Invoice Finance and Factoring, powerful tools to aid economic recovery

The SME sector in New Zealand is the engine that powers our economy. With 97 per cent of all businesses defined as small to medium enterprises and the sector responsible for 28 per cent of the country’s GDP, it is no stretch of imagination that hard times in the SME sector translate to hard times for the country.

According to analysis conducted by Xero, NZ SME revenue shrank by 39 percent during lockdown. But while we are starting to see signs of recovery (coupled with the possibility of a COVID-19 vaccine boosting economic confidence globally), the road to full recovery will be a challenge for SMEs. 


Supporting the SME community in unlocking growth opportunities and increasing their productivity will play a crucial part in our economic recovery. For SMEs, a successful return to normal operations in the coming months will come down to two things; access to working capital to fund growth and embracing digitisation and new ways of working.


Without the security of working capital, SMEs are reluctant to risk taking on new work or large projects to help them recover from loss of productivity and grow their business. Add to this tighter lending restrictions and the end to government subsidies and loan holidays on the horizon, it is easy to see how businesses will err on the side of caution.  

For SME businesses considering opportunities for growth but have concerns about taking on additional debt, the solution may be found in one of the oldest forms of finance in the world.  Invoice Finance (or Factoring as it is sometimes referred to) gives a business access to the funds from their invoices as soon as they are issued. This effectively closes the gap between when an invoice is raised and when the business receives payment. The result is better cash flow to operate, increased production capability and more available working capital for expansion – without taking on further debt.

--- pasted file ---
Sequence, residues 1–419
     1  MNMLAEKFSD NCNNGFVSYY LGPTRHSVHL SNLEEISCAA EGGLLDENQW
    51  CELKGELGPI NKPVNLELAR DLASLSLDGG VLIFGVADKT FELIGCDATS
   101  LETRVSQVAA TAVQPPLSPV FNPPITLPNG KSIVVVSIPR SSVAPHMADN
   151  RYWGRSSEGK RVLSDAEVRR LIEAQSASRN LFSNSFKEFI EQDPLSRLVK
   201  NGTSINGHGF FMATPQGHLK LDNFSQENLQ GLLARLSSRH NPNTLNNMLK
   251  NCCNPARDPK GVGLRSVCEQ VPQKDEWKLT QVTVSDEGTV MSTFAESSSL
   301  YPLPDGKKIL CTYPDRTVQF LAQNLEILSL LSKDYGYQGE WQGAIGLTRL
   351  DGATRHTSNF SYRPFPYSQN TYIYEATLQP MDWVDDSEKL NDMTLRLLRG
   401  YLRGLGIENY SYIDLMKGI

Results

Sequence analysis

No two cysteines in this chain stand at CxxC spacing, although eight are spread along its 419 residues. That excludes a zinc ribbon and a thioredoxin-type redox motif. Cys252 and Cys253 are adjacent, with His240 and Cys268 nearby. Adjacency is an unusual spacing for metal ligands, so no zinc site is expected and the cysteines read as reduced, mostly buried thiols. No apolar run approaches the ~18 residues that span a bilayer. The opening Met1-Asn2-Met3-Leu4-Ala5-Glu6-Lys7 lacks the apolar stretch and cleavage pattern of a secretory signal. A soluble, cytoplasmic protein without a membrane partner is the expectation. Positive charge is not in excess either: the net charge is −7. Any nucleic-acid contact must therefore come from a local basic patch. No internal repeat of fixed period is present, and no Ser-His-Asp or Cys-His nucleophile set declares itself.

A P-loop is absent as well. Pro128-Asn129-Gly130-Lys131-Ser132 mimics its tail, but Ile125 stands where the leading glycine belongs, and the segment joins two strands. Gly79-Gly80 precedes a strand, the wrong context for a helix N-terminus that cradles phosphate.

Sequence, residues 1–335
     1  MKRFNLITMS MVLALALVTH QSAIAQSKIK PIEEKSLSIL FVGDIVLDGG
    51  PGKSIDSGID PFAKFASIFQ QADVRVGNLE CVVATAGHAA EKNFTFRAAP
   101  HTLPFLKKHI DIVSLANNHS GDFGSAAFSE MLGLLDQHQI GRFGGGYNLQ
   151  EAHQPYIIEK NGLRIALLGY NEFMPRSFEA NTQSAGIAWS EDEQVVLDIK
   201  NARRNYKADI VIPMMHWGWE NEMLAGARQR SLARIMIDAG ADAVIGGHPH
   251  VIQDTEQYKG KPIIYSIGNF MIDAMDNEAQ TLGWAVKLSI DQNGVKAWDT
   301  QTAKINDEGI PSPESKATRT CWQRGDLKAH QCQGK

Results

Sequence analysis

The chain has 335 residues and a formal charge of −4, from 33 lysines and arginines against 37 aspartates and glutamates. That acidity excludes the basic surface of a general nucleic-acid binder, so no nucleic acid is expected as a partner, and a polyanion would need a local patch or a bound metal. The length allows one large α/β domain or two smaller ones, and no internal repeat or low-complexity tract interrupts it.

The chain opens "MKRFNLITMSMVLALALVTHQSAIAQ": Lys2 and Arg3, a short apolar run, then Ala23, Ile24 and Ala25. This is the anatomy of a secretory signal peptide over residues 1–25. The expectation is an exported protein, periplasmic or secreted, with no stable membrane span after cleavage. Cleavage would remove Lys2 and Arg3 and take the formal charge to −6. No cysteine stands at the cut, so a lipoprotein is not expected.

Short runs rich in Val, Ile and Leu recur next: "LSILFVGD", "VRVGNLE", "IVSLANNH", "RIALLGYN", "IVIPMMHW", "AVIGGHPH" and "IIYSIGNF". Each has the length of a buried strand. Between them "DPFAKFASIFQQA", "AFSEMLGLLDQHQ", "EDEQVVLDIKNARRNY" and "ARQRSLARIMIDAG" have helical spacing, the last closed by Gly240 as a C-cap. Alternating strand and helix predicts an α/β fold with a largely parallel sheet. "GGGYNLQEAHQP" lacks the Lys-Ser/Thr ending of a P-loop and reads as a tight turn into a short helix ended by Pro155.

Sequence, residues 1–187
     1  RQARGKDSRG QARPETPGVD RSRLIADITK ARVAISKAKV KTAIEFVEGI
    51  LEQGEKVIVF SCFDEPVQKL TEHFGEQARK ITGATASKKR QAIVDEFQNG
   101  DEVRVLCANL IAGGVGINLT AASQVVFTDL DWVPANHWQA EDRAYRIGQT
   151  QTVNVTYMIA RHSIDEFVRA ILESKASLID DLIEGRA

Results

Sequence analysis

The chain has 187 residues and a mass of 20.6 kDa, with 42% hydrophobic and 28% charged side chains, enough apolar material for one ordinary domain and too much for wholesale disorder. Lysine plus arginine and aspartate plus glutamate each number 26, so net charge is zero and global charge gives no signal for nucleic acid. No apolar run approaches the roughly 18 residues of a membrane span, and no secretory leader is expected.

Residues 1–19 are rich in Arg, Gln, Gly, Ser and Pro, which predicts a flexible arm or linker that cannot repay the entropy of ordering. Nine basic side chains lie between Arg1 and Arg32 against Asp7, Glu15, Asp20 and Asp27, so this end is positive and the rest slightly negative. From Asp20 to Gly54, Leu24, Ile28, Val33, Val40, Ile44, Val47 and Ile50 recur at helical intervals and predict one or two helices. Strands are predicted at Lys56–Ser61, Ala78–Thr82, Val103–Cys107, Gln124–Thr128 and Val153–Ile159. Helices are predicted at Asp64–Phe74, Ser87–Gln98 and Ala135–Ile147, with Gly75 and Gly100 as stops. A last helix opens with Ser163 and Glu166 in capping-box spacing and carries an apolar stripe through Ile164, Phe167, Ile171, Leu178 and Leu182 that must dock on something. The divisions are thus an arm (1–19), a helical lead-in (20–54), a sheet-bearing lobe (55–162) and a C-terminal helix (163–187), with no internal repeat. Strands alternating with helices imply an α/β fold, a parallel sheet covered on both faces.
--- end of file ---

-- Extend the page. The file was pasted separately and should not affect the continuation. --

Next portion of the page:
Invoice finance or factoring is a tool that businesses can use to improve their cash flow by selling some, or all, of their invoices to a third-party financier. Which invoices are funded is up to the business – this is called selective invoice financing. 

Historically this type of finance had a bad reputation in New Zealand, often being seen as last resort finance for businesses facing insolvency. However, perceptions have now changed, and it is increasingly being used as a key business tool for SMEs looking to have more control of their finance and plan for growth.


There are many types of invoice finance solution, some will take on the role of managing the entire accounts receivables ledger of a business, taking ownership of invoices and chasing payments, others allow the business to be selective, choosing which invoices to fund and when.  

It works like this:

1. Your business provides goods or services to your customers in the usual way

2. You invoice your customers in accordance with your contract or on completion of the work

3. You ‘sell’ the selected invoice(s) to the financier who pays your business the bulk of the value of the invoices (typically between 80% and 90% of the value of approved invoices) straight away

4. The financier now owns the selected invoice(s) and your client pays them directly (any chasing of invoice payments may also be taken on by them)

5. The financier then pays your business the outstanding amount (less their fee) when the invoice has been paid in full


When considering what kind of invoice finance or factoring solution is right for you (both of which will provide a cash injection of your own money sooner) the decision really comes down to visibility and control. While some businesses see advantages in selling their ledger and relinquishing control to a third party, others argue that maintaining client relationships are of the utmost importance and would only consider an invoice financing solution that is not disclosed.  

In our experience, the involvement of the third-party financier is rarely viewed as a negative. Invoice finance and factoring solutions are recognised now as a very clever and efficient way for businesses to manage their cash flow and grow.  

With a cautious banking sector, tighter lending rules and the effects of the pandemic likely to be felt for some time, looking at other options to keep your business moving makes good sense. Having a reliable and selective invoice finance facility can produce a much-needed stabilising effect on the cash flow of your business. Rather than being under the cloud of servicing debt, you may find you are in better control of your financial situation, obligations can be met, with long-term growth and recovery planned for.

For information about invoice finance and more on Apricity Finance, visit here.